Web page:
PNG buys Indonesian electricity

PEOPLE living on the border with Indonesia will be allowed access to that country’s excess hydro-power services, with PNG Power buying electricity for its grid from there too.
Foreign Affairs and Immigration Minister Rimbink Pato said the arrangement would also involve Indonesia’s funding of “an ambitious paved highway from Merauke on its side of the border in the south, to Wewak in East Sepik”.
The deal emerged after Prime Minister Peter O’Neill led a delegation to Jakarta last month for talks with President Susilo Bambang Yudhoyono on building the PNG economy and associated diplomatic initiatives.
The visit was part of initiatives aimed at defusing the stand-off over West Papua, raising hopes of a breakthrough in one of the most intractable rows in the Asia-Pacific region.
Pato said: “The Indonesian president will adopt a softer approach to West Papuan issues, allowing them greater autonomy.”
Power for PNG. Getty Images
He said Indonesian representatives would participate in the Melanesian Festival of Arts and Culture hosted by PNG next year.
Prime Minister Peter O’Neill told The Australian newspaper that he hoped to open up dialogue with Indonesia.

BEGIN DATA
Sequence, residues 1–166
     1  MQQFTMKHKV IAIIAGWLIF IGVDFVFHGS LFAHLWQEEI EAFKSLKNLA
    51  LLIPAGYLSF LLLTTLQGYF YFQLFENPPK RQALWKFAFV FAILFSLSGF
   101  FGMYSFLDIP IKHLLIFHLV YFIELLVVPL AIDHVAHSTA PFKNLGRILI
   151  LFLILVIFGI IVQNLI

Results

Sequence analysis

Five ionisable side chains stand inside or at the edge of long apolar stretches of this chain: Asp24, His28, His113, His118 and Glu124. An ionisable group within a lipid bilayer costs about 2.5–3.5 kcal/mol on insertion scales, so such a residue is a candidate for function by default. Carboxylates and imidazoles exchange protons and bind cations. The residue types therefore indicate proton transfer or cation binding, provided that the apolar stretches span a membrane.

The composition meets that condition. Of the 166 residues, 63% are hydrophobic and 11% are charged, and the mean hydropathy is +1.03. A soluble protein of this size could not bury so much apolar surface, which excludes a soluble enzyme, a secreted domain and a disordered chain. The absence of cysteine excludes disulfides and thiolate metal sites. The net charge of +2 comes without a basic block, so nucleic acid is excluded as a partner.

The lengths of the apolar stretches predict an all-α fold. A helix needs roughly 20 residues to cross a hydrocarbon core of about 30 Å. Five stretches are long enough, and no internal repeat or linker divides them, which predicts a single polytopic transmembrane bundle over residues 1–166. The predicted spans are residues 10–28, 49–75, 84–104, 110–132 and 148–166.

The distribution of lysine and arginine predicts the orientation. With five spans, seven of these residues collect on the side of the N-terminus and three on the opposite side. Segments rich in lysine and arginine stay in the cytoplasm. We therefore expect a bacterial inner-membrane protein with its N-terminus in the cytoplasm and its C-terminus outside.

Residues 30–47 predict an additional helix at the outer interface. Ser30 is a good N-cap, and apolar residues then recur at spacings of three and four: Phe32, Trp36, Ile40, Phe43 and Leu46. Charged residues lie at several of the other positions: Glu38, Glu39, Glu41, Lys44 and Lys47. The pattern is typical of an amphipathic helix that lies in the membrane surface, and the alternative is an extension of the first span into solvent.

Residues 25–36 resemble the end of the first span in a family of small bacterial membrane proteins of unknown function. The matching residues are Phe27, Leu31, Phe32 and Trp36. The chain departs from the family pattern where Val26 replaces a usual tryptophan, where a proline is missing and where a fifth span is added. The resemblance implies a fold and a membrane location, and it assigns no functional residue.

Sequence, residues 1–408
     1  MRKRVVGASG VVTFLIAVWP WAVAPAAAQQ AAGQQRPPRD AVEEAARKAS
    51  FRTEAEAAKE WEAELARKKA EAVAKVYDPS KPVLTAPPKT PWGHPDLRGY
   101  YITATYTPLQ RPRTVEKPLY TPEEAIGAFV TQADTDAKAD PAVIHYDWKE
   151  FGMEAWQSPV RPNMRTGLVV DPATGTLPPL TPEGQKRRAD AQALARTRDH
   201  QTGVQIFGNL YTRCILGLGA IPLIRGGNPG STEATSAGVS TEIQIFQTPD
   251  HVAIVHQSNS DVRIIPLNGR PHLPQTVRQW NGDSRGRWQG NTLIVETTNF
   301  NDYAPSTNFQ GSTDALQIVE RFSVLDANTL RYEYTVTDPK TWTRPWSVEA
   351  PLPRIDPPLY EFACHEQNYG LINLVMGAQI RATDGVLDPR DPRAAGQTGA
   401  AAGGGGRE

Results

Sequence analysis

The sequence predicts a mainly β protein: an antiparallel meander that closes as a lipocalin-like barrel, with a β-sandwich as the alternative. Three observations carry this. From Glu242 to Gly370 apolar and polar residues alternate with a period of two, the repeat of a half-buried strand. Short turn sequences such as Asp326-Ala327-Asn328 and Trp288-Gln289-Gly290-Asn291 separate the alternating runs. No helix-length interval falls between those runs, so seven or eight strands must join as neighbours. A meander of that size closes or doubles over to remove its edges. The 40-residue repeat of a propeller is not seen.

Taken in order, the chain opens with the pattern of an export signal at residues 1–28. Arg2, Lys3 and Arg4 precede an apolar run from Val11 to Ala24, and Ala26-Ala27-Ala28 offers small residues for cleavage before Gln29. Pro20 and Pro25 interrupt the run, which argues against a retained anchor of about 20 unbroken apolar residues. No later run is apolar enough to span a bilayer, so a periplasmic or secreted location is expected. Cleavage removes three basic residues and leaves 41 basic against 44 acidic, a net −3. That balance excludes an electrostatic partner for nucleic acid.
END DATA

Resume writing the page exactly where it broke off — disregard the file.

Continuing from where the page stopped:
“West Papua has been a sticky issue for PNG and the western Pacific for quite some time,” he said. 
“Our role is to open up discussion.
“We feel the government of Indonesia has a genuine desire to ensure the issues relating to West Papua are managed in a mutually beneficial manner and, for the first time in our bilateral discussions, we were able to discuss this openly with the Indonesian government.”
O’Neill said he was convinced that the Indonesian president now wished “to withdraw the military presence from West Papua, and to allow for more autonomy through economic empowerment of the people”.
“We feel this is a good opening for us to engage with the Indonesian government so we can participate in the improvement of the lives of Melanesian people there, and of our own people along the border,” he said.
“Our officials are now engaged meaningfully in establishing the cooperation we agreed.”
The two leaders signed 11 memoranda of understanding during O’Neill’s visit, after which Pato and his Indonesian counterpart Marty Natalegawa began to chart an implementation course.
They also agreed on a mutual extradition treaty, which may result in  Indonesian businessman and fugitive Joko Chandra who obtained PNG citizenship under a process that is being challenged legally, returns to face charges. 
Chandra is wanted in Indonesia for fraud related charges.

The National/Pacific News Flash
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